was a after the Kōgyoku
period and before the Hakuchi era.
This period spanned the years from 645
. The reigning emperor was .
Change of era
- ; 645: The new era name was created to mark the beginning of the reign of the emperor Kōtoku. The previous era ended and the new one commenced in the fourth year after the beginning of Empress Kōgyoku's reign.
Events of the Taika era
- Taika1 645): Empress Kōgyoku abdicates; and her brother receives the succession (‘‘senso’’). Shortly thereafter, Emperor Kōtoku formally accedes to the throne (‘‘sokui’’).
- Taika 1 645): Kōtoku introduces the . The ideas and goals of this were memorialized in a series of articles which formally bore the imprimatur of the emperor. Kōtoku officially divided Japan into eight provinces. The Taika reforms also sought to regulate the rank of government officials who were to be distinguished by 19 sorts of official hats or caps with differing forms and different colors according to a very strictly-defined hierarchy.
- Taika 1 (645): Kōtoku decides to abandon Asuka, which had been the capital city up to this time. Instead, he transferred the capital to Naniwa, which is in the general vicinity of the Bay of Osaka. In this new location, Kōtoku centralized his power without further delay. Kōtoku lived in a palace which had been newly constructed for him on a promontory. The name of this palace was Toyosaki-no-Miya. The palace was at Nagara, in the general area of Naniwa in Settsu province. -- history at the municipal web site of Osaka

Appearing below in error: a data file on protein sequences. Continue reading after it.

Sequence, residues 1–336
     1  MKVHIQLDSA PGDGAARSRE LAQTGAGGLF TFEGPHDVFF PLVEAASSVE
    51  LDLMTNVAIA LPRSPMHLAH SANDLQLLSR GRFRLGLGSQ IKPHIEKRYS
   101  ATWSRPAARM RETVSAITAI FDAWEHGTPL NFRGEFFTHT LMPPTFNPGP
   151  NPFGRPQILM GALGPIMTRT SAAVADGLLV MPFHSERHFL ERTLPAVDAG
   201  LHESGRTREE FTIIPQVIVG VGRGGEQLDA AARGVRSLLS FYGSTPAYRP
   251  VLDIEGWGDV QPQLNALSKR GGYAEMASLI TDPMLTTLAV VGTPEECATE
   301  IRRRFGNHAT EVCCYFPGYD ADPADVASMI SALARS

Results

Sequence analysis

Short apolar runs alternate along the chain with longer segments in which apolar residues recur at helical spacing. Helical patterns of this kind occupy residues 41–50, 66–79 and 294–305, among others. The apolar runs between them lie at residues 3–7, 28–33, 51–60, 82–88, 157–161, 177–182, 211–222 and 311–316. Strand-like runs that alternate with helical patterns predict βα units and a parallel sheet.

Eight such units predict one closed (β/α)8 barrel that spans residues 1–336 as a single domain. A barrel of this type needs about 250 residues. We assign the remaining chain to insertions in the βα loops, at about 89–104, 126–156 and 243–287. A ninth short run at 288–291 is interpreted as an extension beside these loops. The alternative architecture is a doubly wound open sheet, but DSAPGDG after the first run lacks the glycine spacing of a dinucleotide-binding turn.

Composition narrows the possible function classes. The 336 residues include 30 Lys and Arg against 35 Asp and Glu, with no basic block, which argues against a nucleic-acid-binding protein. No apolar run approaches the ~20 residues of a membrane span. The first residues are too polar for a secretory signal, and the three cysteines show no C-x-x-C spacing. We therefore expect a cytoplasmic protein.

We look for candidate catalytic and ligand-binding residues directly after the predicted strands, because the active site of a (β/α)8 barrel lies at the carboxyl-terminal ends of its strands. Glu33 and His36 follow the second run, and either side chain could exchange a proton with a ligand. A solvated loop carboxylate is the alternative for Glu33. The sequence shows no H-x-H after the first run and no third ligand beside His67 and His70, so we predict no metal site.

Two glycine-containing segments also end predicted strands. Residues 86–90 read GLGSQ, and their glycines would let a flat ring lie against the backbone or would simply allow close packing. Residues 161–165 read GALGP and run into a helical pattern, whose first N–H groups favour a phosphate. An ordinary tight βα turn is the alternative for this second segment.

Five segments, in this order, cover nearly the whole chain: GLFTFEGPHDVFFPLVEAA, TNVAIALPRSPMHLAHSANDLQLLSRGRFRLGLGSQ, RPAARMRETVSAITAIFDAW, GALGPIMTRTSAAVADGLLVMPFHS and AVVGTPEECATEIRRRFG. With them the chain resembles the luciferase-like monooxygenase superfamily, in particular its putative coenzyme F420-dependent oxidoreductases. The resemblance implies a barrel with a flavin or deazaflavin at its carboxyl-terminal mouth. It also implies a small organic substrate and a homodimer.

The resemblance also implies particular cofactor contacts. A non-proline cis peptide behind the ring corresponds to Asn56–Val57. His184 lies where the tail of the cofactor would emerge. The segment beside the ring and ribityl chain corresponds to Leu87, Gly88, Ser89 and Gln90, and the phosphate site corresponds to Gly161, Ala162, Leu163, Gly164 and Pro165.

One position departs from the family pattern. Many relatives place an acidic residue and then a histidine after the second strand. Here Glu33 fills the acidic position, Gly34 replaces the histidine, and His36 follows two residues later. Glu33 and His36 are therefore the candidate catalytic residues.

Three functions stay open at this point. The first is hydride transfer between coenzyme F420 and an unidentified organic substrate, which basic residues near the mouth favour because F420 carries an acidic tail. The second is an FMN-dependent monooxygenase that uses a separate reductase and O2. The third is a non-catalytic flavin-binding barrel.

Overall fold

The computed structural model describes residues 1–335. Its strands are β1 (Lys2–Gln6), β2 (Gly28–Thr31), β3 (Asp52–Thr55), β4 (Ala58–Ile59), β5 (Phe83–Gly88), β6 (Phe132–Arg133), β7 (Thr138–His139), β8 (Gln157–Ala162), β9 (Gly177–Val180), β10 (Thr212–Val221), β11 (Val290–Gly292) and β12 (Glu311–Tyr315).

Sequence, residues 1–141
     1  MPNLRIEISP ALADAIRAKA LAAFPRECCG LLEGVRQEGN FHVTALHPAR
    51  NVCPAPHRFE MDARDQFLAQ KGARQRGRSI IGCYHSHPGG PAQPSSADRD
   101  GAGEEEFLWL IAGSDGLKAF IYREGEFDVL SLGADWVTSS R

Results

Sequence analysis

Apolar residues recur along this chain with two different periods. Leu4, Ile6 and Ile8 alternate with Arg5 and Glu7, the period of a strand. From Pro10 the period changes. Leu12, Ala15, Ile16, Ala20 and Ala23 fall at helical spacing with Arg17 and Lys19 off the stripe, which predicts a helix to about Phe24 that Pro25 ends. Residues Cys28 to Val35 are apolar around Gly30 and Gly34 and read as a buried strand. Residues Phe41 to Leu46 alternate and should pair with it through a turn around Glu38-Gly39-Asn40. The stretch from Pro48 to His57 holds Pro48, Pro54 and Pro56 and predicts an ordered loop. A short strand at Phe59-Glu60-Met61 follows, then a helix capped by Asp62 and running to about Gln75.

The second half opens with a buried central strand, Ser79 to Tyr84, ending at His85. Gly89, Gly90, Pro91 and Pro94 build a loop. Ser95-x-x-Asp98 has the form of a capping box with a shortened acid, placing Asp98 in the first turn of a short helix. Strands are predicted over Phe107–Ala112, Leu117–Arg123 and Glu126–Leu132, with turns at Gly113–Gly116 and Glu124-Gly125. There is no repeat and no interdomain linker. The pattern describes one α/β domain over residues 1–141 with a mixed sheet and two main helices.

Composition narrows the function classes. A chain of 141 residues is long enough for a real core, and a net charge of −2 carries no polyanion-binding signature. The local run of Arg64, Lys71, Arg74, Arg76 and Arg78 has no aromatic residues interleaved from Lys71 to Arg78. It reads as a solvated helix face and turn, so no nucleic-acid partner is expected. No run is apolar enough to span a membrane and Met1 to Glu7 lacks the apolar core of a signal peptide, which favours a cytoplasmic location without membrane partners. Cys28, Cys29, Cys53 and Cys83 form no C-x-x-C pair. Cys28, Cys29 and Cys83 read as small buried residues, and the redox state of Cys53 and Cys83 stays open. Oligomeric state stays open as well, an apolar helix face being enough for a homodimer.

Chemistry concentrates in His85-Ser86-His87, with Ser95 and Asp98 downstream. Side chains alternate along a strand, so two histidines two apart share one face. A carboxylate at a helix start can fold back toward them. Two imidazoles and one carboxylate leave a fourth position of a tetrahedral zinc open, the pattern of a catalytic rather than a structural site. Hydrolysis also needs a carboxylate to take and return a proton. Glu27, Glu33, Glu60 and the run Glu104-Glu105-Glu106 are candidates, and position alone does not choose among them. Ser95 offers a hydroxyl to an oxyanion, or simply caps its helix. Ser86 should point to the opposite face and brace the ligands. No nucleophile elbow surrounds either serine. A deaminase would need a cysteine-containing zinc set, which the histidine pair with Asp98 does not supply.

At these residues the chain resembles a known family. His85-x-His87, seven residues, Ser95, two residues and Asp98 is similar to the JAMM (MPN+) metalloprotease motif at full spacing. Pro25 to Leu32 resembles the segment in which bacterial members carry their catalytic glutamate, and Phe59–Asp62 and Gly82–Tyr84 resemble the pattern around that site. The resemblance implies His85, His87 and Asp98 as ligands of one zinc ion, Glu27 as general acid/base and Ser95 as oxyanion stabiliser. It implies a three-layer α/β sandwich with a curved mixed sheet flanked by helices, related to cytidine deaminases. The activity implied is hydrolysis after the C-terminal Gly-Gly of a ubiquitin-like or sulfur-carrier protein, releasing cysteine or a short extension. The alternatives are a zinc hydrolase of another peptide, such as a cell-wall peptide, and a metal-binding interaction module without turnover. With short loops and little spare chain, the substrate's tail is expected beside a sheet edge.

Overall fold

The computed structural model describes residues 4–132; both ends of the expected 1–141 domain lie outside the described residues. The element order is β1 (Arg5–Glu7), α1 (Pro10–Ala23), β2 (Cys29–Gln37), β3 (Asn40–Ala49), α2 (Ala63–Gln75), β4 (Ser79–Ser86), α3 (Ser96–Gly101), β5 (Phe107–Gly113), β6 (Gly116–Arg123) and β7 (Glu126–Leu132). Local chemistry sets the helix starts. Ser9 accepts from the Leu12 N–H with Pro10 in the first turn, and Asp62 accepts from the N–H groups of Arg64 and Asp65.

- Taika 2, on the 1st day of the 1st month (646): Kōtoku established a regular calendar for the court, with major audiences scheduled only on certain days. The emperor also addressed a number of matters which would affect all parts of Japan -- as for example, creating judicial districts, establishing guard posts on major roads, arranging for postal relay systems, dividing the country in governable units with separations following the natural boundaries created by mountains and rivers, appointing governors for each province, and fixing the amounts porters might be able to charge. Kōtoku named the chiefs in the districts and the villages; and for the first time, it became possible to register the number of houses and the numbers of people in each location, the taxes to be exacted from each area and the varying products from throughout the land. He also mandated that from every hundred households, one beautiful young woman should be sent for service in the palace household. He arranged that in each year, an officer from the central court should be sent to each province to examine the conduct of the governors and their government. The emperor also initiated plans for building storehouses of goods and arsenals which would serve the needs of a national army or militia. The udaijin Sogo Yamada Ishikawa Maro was specifically charged with the task of planning so that all the faults that could be attributed to mistakes of government would not happen -- or could be mitigated. This was also a time in which the greater part of the rules of etiquette and customs of the court were revised or contrived. Naka-no Ōe-shinnō and the sesshō Nakatomi-no Kamatari counseled these and other measures intended to make Japan a better and stronger country.